Chinook Native Americans are a Native American tribe that resided near the Columbia River and the area now known as the Pacific Northwest of the United States. At the time when the famous explorers Meriwether Lewis and William Clark, assisted by the famous Shoshone Native American guide Sacajawea and her spouse, fur trapper Toussaint Charbonneau, had first contact with the Chinook in 1805, there were reportedly only 2,000 Chinook Native American people remaining due to the heavy impact of disease epidemics. More recently, it has been reported that the Chinook Native American numbers have further decreased drastically due to high rates of Chinook people marrying outside the tribe.
In the past, the Chinook Native American people were a decidedly non-nomadic group which had a history of trading with other tribes and eventually with people of European ancestry. Given that they lived near rivers and near the ocean, fishing was a natural means of livelihood. Salmon was an especially important mechanism of trading as were shells, canoes and slaves.
Family concept was very important in Chinook Native American society. The community leader was typically an elder who was highly respected. Spirituality was addressed through the spirit quest. The spirit quest was a process that male and female adolescents went through to internally connect with their guardian spirit to help them with curing illness, hunting animals, singing, or dancing. There were also potlatches, or ceremonial giving of property, and religious ceremonies at the time of the year when the salmon run occurred.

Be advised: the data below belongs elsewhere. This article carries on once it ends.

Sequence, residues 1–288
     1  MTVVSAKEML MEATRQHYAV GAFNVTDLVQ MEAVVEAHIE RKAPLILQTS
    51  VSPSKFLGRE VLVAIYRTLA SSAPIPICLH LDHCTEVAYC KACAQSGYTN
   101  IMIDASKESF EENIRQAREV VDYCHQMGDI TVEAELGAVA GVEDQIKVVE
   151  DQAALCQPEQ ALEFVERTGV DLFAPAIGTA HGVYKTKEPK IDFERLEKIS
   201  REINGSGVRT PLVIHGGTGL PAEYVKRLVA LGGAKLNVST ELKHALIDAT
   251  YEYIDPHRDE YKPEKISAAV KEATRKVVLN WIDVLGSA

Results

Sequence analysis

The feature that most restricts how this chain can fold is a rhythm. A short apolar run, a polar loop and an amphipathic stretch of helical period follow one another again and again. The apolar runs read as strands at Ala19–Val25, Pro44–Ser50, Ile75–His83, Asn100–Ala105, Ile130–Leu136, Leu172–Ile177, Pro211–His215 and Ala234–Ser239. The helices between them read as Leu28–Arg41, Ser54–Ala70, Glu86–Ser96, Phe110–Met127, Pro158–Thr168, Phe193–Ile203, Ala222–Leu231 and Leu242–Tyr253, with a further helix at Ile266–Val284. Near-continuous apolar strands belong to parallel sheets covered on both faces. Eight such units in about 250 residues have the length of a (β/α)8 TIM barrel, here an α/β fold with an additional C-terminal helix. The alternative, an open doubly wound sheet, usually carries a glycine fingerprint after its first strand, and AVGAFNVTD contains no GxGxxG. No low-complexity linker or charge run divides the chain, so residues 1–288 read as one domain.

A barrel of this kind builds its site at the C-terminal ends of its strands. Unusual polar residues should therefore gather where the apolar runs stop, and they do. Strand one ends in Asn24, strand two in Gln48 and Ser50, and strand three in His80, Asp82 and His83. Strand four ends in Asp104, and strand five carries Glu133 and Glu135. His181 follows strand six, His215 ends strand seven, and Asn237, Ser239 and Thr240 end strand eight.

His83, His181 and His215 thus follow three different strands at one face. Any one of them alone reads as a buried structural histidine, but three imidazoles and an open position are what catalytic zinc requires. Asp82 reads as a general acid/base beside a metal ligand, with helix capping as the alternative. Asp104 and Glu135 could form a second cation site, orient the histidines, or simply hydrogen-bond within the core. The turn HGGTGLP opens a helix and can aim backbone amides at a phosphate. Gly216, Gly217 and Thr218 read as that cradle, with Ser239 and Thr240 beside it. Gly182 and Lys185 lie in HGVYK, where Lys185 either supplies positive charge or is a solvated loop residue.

Additionally, there was a societal custom for children which involved flattening of the head at birth. The Chinook did this by using a board to apply pressure to the head. Flat-headed Chinook people were ranked higher socially than others, so applying pressure to the head to make it appear flatter was deemed by the Chinook to be a socially necessary step.
Chinook Native American language evolved rapidly. They had early interaction with people of Russian, English, and French descent. Thus, the language came to include not only original Chinook words but also words relevant to trading which included words borrowed from Russian, English, and French.
In terms of conflict resolution, the Chinook typically chose difficult ritual participation as opposed to war-like conflicts. They felt rituals were a better way to resolve conflict. Thus, rituals were seen as important.
Some of their villages were named Gitlapshoi, Nisal, Wharhoots, and Palux. Their descendants continue to live in the Pacific Northwest. Specifically, many Chinook descendants live in Ilwaco, Chinook, and Bay Center in the state of Washington.
There has been some controversy pertaining to recognition by the U.S. government. The federal government formally recognized the Chinook as a Native American tribe in 2001. In 2002, the government's formal recognition was canceled. As of 2010, there are efforts under way to convince the U.S. government to restore Chinook status as a recognized tribe.
There are few texts or drawings or artifacts left from Chinook culture. Thus, although there are some things that are known about the Chinook way of life, there is still much to learn. Chinook study is under way and there are ongoing academic attempts to discover more about their history, society, and culture.